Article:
The nature and function of the concept of proportionality as a limiting device in the jus ad bellum has always been subject to argument and some uncertainty. This uncertainty is exacerbated when the ad bellum rules are extended to non-state armed groups operating in the territory of another state. Contemporary efforts to reshape the jus ad bellum into a significantly more permissive framework to use force against non-state armed groups, places further pressure on the concept of proportionality. This leads to question of how to think about the conditions for the determinacy of the concept and whether in fact it functions less to restrain, and more to permit, the use of force.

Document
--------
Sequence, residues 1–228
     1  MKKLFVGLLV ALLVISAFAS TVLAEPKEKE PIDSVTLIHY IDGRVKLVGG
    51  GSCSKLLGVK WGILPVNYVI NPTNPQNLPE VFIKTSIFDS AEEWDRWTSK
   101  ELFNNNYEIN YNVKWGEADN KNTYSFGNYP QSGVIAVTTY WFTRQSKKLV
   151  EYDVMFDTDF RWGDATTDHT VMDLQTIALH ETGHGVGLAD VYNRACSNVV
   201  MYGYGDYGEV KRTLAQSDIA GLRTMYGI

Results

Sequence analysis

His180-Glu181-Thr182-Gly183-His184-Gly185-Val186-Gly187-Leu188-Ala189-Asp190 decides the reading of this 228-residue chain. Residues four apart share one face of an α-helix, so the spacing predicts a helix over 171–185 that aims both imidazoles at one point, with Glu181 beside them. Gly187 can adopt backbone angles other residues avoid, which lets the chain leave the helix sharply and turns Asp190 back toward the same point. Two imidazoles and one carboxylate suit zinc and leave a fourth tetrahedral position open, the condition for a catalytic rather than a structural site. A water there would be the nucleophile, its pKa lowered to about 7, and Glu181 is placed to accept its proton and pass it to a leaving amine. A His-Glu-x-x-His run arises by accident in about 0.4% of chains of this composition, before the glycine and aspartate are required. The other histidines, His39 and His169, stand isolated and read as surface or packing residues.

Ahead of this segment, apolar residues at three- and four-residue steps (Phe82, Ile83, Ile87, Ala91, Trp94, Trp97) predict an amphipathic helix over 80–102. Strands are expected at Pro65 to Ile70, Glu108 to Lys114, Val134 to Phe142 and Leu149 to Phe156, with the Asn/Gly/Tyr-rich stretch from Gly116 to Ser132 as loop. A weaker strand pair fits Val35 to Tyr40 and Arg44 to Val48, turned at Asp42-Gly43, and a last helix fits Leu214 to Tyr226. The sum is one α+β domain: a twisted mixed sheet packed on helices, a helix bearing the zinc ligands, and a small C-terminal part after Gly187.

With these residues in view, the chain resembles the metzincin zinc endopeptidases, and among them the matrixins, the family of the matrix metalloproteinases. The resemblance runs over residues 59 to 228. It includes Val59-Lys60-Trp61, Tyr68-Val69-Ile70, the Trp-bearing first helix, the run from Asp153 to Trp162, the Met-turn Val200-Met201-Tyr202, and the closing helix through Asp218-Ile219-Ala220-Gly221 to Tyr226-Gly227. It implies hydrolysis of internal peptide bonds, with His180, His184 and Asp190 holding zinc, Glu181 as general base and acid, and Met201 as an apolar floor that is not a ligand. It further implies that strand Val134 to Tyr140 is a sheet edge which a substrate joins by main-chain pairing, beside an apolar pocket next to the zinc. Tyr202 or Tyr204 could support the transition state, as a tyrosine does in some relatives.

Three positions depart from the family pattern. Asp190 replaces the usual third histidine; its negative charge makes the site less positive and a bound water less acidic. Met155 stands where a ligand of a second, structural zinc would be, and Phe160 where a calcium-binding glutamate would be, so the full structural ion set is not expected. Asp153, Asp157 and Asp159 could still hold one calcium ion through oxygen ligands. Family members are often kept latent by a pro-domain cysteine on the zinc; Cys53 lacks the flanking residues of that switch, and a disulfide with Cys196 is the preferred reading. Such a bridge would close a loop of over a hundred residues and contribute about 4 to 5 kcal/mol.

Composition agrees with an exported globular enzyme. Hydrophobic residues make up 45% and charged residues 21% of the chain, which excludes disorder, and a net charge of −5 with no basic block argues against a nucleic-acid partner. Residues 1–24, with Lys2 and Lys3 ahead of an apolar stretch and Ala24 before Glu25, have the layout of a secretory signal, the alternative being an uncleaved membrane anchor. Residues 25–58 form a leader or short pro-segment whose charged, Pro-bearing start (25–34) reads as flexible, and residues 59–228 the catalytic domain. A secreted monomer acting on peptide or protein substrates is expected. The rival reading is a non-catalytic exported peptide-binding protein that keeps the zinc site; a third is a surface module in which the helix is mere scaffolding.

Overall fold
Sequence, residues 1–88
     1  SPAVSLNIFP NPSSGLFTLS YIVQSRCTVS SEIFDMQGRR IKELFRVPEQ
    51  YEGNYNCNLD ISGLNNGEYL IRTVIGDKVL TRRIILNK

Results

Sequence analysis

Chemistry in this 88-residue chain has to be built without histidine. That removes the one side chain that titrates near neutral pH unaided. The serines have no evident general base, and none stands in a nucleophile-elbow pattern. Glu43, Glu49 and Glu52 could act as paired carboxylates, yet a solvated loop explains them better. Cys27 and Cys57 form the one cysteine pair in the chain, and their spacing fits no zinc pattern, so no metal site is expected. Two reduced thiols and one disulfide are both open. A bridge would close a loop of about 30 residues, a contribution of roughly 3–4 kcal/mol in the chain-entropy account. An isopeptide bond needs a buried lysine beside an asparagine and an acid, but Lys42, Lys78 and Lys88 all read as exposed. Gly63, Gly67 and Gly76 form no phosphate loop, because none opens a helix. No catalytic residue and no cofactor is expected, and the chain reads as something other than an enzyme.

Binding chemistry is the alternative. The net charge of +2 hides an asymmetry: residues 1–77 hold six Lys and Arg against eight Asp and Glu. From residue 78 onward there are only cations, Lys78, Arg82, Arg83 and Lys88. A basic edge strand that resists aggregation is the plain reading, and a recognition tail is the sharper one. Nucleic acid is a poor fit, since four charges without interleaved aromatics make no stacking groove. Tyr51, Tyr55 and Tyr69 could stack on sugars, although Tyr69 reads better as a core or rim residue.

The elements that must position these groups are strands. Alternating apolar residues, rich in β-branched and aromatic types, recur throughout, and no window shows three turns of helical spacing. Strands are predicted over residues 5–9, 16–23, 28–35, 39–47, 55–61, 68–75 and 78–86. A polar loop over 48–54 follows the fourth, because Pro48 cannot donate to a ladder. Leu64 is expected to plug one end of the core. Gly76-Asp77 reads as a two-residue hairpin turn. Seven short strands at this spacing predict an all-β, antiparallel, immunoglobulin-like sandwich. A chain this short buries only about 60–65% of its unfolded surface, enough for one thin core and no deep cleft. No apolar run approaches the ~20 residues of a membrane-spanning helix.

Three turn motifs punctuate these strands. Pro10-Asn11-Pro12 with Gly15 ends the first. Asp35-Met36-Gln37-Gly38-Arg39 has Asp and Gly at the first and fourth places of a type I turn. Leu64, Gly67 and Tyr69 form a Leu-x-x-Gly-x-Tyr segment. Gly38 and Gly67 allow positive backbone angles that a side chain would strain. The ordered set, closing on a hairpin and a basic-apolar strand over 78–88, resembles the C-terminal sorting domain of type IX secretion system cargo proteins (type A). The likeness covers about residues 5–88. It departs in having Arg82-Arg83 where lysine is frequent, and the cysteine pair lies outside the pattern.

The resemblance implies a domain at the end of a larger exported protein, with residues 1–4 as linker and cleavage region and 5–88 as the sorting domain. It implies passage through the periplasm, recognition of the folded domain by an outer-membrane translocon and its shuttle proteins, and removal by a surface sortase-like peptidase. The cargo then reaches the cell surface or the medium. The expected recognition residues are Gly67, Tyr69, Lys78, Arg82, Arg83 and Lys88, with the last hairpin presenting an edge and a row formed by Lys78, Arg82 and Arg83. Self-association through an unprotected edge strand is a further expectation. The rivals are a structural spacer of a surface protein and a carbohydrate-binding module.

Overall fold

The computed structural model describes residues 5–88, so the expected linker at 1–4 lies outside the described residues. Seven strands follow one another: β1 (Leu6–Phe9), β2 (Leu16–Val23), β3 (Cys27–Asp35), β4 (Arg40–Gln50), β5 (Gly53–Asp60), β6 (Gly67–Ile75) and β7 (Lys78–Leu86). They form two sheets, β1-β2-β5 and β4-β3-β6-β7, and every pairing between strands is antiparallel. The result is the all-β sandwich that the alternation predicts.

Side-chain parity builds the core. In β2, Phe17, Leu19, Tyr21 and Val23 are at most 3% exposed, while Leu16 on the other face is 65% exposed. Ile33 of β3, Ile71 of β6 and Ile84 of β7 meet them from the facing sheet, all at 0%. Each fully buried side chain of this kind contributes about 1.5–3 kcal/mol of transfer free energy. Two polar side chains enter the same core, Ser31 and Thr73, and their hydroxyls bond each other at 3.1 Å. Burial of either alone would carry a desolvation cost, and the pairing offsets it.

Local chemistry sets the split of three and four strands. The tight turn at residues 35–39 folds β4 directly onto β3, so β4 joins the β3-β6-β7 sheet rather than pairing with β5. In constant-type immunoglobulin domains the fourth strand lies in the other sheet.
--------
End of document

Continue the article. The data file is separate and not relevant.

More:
Guest Speaker: Professor Nehal Bhuta (University of Edinburgh)
Chair: Professor Marco Roscini (University of Westminster)
About the guest speaker
Nehal Bhuta has been Chair of Public International Law at the Law School of the University of Edinburgh Law since October 2018. Previously, he was Professor of Public International Law and a co-director of the Academy of European Law at the European University Institute of Fiesole. He is the author of a number of articles and book chapters on public international law issues, and he edited or co-edited several books (Freedom of Religion, Secularism and Human Rights (OUP 2018); The Palgrave Handbook of Indicators in Global Governance (Springer 2018); The Frontiers of Human Rights: Extraterritoriality and its Challenges (OUP 2016); Autonomous Weapons Systems: Law, Ethics, Policy (CUP 2016)). Before entering academia, he worked with Human Rights Watch and the International Center for Transitional Justice.
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